This is why a portable UV cleanser is so important for travel. The UVSAN Zoomlite UV Phone Sanitiser Wireless Charger Pro bathes your mobile phone in UVC light from every angle. UVC light cleanses your phone by using high-frequency waves to penetrate and disrupt the genetic material of bacteria and viruses, rendering the germs inert and unable to spread. UV cleansers are effectively used in hospitals as a form of sanitisation, and because light can reach most nooks and crannies, a UV phone sanitiser is effective at cleaning your entire phone with ease. The compact design and fast cleaning cycles (one or five minutes) make it the perfect cleanser for when you’re on the go.
Designated Laundry Bag
Soiled clothes can spread germs, so if you’re packing your dirty laundry in amongst your clean clothes, you may want to consider investing in a laundry bag. This will allow you to keep your luggage organised and your clothes separated. Rather than using a designated compartment in your luggage bag, we recommend using a washable laundry bag that can be washed in the washing machine along with your clothes so that your luggage bag isn’t dirtied.
Keeping your shoes in separate bags such as a shoe packing cube ensures that anything you track on your footwear doesn’t get transferred to your clothing. Dirt can house bacteria and soil-borne pathogens that can make you sick. It can also spread unwanted seeds and weeds to the wrong surroundings which can be harmful to the environment. Keeping your shoes clean and stowed separately from clothing will help keep you healthy.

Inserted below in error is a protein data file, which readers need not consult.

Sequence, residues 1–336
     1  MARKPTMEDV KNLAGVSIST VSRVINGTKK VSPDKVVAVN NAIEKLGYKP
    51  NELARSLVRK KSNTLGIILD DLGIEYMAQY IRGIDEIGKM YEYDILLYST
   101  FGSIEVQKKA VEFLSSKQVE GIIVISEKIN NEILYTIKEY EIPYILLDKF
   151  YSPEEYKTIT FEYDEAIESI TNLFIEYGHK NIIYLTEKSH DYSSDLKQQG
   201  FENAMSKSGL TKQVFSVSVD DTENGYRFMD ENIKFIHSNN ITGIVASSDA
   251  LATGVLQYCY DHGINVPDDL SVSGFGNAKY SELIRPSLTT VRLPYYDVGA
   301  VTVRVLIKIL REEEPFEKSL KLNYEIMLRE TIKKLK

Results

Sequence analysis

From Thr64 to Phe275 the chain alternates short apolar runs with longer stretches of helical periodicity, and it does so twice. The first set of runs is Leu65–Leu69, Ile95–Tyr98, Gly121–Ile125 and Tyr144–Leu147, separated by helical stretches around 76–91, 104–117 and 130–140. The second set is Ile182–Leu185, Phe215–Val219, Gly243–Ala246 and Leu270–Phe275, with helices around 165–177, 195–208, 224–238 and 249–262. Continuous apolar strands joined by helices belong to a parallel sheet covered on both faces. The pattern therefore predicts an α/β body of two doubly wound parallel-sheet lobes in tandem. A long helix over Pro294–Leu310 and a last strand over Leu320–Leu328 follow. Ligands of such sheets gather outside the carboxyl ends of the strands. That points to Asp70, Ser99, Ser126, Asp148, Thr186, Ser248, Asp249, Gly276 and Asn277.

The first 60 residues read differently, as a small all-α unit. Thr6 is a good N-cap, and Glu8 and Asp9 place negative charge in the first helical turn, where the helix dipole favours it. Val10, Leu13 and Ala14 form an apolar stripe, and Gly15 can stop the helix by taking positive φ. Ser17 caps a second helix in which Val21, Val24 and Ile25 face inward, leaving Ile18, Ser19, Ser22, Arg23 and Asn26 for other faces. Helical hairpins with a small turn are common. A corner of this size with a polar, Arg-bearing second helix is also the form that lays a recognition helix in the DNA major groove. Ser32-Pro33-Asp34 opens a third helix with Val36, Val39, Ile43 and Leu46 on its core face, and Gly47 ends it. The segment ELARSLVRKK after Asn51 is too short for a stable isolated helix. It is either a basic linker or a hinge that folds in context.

Hanging Toiletry Bag
Shared bathrooms in hostels and aeroplanes are heavy trafficked and can feel like some of the least sanitary places, yet we brush our teeth and touch our faces while using them. The fewer surfaces you touch, the less chance you have of picking up an unwanted germ. A hanging toiletry bag essentially gives you your personal portable vanity. It can be used to carry your items, and to store them while you use them in public bathrooms. This way, you won’t need to place your items on the shared bathroom vanity.
Potable water is a must when travelling. If you are travelling domestically in Australia, you shouldn’t be too far from a healthy water source, but if you’re camping or heading overseas, potable water isn’t as much of a sure thing. Bottled water is a safe option if it is your only option, but single-use plastic bottles are damaging our environment. LifeStraw, GRAYL or water purification tablets can remove bacteria, parasites and even some viruses from water effectively making any tap water or water from a stream potable. These devices use UV light, physical filters or chemical filters to clarify water for drinking. It is very important to follow the instructions closely for optimum results.
Even with all the preparation and sanitation, it is still possible that you’ll feel unwell while on the road. This is because a change in your surrounds, diet and schedule can confuse your body and weaken your immune system. This is why you should always be prepared with a first aid kit. You can purchase basic first aid kits with band-aids, bandages, gastro tablets, pain killers, travel sickness pills and antihistamines.
This is a great start, but we would also recommend purchasing a larger designated first aid bag and loading it up with basics, as well as any personalised medicines so that everything is in one place. You should talk to your doctor before you plan on long or overseas trips to ensure that you are covered for any medicines that are specific to that region and your own needs.